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5 Secrets to Learning JavaScript

realtoughcandy profile image RealToughCandy.io Updated on ・4 min read

Learning JavaScript is tough.

The gurus make it look easy, but spend five minutes studying inheritance and the prototype chain and you’ll easily find yourself neck-deep in a steaming pile of binary… something.

Fortunately, there are a few life hacks I’ve learned over the years of learning JavaScript that have really helped my knowledge. I’m sharing them here today to help other people who may feel overwhelmed by this crazy language.

Here are my 5 secrets to learning JavaScript.

1. There’s vanilla JS…And there’s everything else.

The world of programming is literally infinite. So you’re hanging out in the kiddie pool of JavaScript variables and objects thinking, "OKAY VARIABLES AND PROTOTYPAL INHERITANCE IS FINE AND ALL BUT WHEN CAN I GET TO THE COOL STUFF REACT AND NODE AND HTTP REQUESTS AND LIKE I HEARD MONGODB WAS COOL..."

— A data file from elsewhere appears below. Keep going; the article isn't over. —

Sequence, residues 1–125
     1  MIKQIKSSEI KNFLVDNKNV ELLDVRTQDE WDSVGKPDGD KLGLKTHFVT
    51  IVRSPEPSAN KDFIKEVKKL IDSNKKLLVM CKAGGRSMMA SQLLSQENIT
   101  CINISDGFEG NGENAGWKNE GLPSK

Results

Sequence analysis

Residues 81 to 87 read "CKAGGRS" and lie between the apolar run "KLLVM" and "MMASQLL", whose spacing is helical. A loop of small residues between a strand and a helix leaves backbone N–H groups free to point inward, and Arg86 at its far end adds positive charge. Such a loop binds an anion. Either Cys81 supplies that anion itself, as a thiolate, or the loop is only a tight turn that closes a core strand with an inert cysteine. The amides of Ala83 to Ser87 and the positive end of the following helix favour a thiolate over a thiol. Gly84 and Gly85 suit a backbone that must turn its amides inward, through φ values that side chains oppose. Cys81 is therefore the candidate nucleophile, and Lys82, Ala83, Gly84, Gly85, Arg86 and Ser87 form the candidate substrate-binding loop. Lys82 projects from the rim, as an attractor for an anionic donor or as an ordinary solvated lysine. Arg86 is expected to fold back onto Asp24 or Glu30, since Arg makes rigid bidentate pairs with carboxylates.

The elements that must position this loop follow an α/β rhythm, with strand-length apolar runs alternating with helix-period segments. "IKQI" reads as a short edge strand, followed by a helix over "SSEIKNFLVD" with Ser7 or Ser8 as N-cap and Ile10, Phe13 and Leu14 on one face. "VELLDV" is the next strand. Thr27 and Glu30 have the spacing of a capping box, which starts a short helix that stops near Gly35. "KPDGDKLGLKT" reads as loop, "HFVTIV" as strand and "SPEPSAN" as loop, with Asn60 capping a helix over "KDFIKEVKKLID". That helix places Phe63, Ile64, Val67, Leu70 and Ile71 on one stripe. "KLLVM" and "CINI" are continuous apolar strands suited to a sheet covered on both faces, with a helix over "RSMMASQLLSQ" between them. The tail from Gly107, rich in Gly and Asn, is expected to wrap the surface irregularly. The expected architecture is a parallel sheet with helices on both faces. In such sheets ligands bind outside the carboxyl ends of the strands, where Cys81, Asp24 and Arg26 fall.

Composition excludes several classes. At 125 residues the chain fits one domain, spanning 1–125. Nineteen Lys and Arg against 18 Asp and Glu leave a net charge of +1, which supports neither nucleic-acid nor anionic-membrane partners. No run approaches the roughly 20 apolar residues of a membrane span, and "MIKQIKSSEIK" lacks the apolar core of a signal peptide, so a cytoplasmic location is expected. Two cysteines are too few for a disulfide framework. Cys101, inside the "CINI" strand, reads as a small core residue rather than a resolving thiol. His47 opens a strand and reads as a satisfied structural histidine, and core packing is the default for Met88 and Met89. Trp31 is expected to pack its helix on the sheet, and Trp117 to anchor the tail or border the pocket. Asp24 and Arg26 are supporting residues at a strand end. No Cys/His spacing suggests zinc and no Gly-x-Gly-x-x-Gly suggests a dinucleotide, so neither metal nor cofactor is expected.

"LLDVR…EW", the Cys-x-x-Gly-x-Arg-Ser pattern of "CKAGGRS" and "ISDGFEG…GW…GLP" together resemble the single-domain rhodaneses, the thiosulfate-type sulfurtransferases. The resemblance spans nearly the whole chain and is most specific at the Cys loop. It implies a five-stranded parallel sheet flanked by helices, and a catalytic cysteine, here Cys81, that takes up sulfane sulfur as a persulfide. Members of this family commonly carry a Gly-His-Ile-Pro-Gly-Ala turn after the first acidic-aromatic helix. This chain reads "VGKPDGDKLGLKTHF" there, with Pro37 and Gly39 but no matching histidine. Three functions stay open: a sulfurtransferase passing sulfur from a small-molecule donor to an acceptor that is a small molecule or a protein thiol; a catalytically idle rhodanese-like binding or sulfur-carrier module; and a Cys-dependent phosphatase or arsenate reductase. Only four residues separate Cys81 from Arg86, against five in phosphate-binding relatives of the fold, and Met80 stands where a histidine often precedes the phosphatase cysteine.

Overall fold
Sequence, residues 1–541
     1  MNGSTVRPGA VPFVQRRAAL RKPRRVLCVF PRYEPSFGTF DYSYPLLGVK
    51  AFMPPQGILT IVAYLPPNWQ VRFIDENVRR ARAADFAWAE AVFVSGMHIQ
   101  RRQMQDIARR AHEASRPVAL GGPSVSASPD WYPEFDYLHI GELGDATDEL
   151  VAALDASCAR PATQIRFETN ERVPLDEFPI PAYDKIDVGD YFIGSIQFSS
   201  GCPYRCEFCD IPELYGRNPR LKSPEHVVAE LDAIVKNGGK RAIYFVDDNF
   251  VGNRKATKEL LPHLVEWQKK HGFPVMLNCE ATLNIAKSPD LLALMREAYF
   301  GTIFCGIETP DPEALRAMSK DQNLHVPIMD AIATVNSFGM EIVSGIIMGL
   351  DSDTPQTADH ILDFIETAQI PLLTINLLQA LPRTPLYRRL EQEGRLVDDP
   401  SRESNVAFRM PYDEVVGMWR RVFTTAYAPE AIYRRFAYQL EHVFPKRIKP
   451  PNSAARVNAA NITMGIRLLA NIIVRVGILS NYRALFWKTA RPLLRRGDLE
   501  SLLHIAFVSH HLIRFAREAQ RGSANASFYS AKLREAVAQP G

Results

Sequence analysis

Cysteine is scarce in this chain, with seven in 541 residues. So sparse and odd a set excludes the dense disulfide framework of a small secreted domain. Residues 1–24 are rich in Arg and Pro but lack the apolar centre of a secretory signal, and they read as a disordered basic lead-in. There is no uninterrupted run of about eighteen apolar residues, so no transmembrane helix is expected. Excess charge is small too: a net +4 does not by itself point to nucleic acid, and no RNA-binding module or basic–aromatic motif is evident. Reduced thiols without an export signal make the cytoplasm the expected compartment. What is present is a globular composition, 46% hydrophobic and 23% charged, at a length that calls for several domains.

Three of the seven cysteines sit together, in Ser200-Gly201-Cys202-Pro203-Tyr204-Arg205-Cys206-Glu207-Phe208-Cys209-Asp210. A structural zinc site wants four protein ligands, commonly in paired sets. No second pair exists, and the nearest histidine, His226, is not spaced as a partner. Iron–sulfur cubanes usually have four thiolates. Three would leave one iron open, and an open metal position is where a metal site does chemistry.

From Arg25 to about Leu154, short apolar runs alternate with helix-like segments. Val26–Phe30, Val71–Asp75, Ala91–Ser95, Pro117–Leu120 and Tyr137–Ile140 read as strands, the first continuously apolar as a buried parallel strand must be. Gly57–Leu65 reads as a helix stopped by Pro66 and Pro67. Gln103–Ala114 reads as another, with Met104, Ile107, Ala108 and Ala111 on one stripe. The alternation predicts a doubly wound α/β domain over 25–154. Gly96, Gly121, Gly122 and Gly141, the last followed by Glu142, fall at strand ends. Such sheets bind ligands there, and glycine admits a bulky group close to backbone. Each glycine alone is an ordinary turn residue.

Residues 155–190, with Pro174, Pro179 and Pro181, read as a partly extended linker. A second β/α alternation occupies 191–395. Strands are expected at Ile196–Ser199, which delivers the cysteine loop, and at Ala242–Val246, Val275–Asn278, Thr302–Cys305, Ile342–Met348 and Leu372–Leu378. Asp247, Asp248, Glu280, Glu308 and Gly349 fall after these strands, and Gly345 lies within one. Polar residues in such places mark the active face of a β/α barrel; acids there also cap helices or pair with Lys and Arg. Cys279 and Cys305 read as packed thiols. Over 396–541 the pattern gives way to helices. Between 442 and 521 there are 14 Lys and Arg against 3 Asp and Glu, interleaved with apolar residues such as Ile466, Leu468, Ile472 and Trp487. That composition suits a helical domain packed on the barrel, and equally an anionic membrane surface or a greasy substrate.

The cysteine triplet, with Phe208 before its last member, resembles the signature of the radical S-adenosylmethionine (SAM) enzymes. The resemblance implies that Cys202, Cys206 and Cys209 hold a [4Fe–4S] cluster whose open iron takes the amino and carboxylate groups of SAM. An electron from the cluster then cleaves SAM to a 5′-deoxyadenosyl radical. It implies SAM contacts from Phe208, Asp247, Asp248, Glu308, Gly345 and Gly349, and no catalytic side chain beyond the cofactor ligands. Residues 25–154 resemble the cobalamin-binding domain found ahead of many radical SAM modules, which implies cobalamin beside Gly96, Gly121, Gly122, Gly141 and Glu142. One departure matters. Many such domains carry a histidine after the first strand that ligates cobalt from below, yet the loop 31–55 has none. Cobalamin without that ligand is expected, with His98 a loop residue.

Woah woah woah woahh! I know that itch to get to the real fun stuff, I was there. But the only way to understand all the JavaScript “offshoots” is to understand JavaScript.

The no-framework, no-jQuery-allowed, good ol’ fashioned plain vanilla gluten-free JavaScript.

The temptation seems irresistible, but try to keep your vision focused on the heart of the JavaScript ecosystem. This is not only a solid path to learning the language, but will set you up for success when it come to learning other things from NoSQL databases to run-time environments like Node.

2. Mark Myers. Know him. Love him.

I truly believe A Smarter Way To Learn JavaScript by Mark Myers is one of the only books suitable for JavaScript beginners.

Most other authors totally go off the deep end when it comes to teaching this language and within 10 minutes are throwing all sorts of crazy concepts your way.

With A Smarter Way, Mark gives you one topic at a time. Best. Book. Ever. Each chapter is usually two or three pages in a nice big font.

A Smarter Way to learn JavaScript

So you read about the concept, then you go to his site and do exercises and coding challenges related to the topic. There is a reason this book get crazy five star reviews and that’s because his approach works.